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Dororo – 21

「逆流[ぎゃくる]の巻」 (Gyakuru no Maki)
“The Story of Gyakuru”

With Dororo reaching its conclusion by Episode 24, this week’s episode aims to provide the backbone of what will be the anime’s end-game. Now that the Daigo empire is declaring war on Asakura, they make a power move to bait Hyakkimaru into a confrontation. However, at this point, Hyakkimaru is at wit’s end and is more than happy to oblige them with a head-on fight to the death. It might be the exact outcome that Dororo didn’t want to see Hyakkimaru come to, but unfortunately, the plot is not in her favor as the two parties begin clashing together with the same bloodlust in mind.

One disappointing detail in this week’s story is how Hyakkimaru and Dororo are stuck in the same spot that they were in episodes ago. Hyakkimaru is still on a violent warpath to cut through the Daigo empire to get his body back no matter the cost. After the last episode ended with him mindlessly slaughtering the Nue demon in a desperate attempt to get a part of his body back, he reverted back to his original mindset from the moth episode by demanding that blood be paid to regain his body. The only difference is that, instead of running off in a different direction, Dororo is coerced by Hyakkimaru to stick around using the guilt around him wanting to see and feel as she does to make her stay for him to threaten passing civilians and hack off the limbs of Tahoumaru’s retainers. It’d honestly be difficult to see an ending that would allow Hyakkimaru to not become the demon that the Monk and Dororo fear he’d shift into when he’s kept the same bloodthirsty mindset throughout the second half of the anime. Having Dororo get abducted after being thrown off a cliff by an exploding horse certainly won’t get him in a hopeful enough mindset to not slaughter countless people in a last-ditch effort to get his entire body back.

But what sets this episode apart is how much love it gives to Tahoumaru’s retainers, Mutsu and Hyogo. Their loyalty to the royal family is explained in a flashback where the two are rescued by Daigo himself, who takes them in after they were imprisoned and enslaved as children to be raised alongside Tahoumaru. It’s hard not to feel guilty for them being on the antagonistic side of the plot as they are far more sympathetic as survivors of a conflict who were given a second lease at life by someone who happened to ally himself with demons. Mutsu’s illness also puts a clock on whether the illness will eventually overtake them. They’re even critical of Daigo’s henchman for getting the idea to abduct a child to get the tactical advantage over Hyakkimaru. Had it not been for Hyakkimaru’s struggles and their treatment of him, Tahoumaru, Mutsu, Hyogo, and perhaps even Daigo would likely be looked at on fonder terms. But in an impressively fluid fight sequence, it becomes all the clearer that their inability to humanize Hyakkimaru as nothing more than a bane to their kingdom is what ultimately makes them adversarial towards his quest to regain his sight, sensations, and limbs. The anime does get kudos for humanizing the trio though and giving them all reasons to serve their country, whether it be to repay them for giving them a second chance or to bring about a new era that takes better care of its people. Although the odds are stacked against Hyakkimaru at the moment with Dororo being kidnapped again, the next episode shows potential for growth on his behalf when he is faced with the presence of Midoro, the enchanted flaming steed that was reanimated from the exploded horse bits and evolved from a mere Ponyta to the magestic Rapidash.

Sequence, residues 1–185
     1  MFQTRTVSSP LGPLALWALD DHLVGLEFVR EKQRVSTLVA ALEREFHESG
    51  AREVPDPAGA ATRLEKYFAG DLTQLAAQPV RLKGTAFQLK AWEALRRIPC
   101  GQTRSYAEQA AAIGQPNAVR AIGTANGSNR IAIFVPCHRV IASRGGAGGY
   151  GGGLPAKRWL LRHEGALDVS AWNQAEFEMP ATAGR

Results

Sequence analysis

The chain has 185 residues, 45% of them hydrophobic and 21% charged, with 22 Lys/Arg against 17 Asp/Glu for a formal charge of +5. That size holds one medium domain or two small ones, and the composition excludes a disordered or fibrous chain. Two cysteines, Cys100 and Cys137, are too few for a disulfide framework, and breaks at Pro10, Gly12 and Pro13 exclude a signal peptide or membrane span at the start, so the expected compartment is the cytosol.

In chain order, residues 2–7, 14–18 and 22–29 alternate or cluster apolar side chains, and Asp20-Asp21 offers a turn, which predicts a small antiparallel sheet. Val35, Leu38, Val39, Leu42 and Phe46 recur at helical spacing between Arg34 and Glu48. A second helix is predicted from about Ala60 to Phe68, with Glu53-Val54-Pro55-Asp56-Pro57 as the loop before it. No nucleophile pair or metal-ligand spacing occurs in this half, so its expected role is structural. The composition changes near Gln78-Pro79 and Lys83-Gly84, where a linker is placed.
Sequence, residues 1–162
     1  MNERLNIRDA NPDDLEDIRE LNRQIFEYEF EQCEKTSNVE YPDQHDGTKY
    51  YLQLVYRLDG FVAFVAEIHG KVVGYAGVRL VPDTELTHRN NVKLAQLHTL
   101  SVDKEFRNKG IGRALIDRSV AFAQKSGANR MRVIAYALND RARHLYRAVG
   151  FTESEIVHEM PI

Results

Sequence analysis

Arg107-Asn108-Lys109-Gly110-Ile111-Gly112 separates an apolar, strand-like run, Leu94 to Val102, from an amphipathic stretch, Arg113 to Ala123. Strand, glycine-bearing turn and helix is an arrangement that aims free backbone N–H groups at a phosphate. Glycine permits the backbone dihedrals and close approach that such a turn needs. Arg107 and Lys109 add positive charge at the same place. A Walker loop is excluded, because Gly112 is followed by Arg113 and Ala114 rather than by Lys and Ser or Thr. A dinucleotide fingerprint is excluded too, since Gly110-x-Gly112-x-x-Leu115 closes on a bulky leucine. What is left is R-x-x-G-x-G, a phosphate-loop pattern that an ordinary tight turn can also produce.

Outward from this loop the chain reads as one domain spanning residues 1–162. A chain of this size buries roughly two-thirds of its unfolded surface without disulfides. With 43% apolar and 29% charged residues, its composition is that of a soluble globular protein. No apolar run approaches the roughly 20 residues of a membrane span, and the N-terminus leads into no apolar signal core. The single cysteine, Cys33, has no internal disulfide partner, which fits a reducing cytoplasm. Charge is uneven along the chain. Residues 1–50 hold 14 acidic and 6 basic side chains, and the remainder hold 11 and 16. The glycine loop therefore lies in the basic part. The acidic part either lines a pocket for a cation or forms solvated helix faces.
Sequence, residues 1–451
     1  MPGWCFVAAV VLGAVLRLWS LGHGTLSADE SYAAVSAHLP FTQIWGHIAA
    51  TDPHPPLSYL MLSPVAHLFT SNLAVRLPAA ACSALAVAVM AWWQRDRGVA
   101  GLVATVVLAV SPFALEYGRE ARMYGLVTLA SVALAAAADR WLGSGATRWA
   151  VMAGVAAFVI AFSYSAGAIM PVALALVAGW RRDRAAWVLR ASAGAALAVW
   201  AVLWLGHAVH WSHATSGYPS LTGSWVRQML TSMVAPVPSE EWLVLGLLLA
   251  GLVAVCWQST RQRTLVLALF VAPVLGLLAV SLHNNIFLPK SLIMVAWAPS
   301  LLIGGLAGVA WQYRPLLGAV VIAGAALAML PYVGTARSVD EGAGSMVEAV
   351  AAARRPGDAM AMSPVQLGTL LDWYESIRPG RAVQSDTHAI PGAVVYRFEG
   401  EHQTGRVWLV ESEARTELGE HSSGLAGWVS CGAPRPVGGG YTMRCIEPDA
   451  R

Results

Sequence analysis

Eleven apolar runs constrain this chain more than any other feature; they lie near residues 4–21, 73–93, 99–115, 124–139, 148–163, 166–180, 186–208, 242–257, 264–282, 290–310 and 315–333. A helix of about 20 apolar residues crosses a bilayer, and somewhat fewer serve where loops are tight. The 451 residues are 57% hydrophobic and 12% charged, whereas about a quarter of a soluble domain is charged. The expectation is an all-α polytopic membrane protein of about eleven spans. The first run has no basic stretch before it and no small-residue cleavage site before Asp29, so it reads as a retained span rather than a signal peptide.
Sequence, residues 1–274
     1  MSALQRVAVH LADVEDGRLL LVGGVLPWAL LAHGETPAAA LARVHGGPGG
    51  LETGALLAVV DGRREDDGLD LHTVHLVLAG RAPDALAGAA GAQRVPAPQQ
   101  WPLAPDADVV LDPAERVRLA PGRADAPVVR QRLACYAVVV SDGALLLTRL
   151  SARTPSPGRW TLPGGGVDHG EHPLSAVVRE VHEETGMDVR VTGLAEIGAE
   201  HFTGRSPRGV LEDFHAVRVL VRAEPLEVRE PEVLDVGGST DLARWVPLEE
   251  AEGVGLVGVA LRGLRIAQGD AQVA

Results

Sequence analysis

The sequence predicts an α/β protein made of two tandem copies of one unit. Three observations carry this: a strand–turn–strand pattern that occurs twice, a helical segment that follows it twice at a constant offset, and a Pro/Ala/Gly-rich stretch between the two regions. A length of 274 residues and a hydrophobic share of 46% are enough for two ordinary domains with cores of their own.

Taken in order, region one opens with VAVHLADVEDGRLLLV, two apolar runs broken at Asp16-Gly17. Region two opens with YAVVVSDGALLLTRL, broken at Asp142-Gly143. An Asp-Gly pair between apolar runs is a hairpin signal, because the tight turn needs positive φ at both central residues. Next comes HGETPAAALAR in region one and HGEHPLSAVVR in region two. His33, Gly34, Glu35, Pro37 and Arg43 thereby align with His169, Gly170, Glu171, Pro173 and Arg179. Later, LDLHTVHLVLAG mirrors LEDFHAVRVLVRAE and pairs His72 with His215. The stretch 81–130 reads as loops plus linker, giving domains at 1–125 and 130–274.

June 3, 2019 at 5:44 pm
1 comment »
  • June 3, 2019 at 8:03 pmzztop

    The episode is anime-original, but uses repurposed bits and pieces of the Midoro arc of Tezuka’s manga.

    In the manga, Midoro was the steed of a random cruel warlord that always abused it. When the warlord’s latest battle goes badly, Midoro is mortally injured, but gets its revenge on the warlord by stomping him to death. A passing demonic spirit possesses Midoro, turning the horse into an evil demon horse.
    Saburota (from the last episode) meets the horse and takes it for himself, not knowing Midoro is only using him to get around.

    Midoro’s foal escapes and meets Hyakki and Dororo while searching for its mother. The group meets Midoro and Saburota later on, and Hyakki must slay the horse; saving Saburota. The foal is left all alone as Hyakki and Dororo resume their journey. End of arc.

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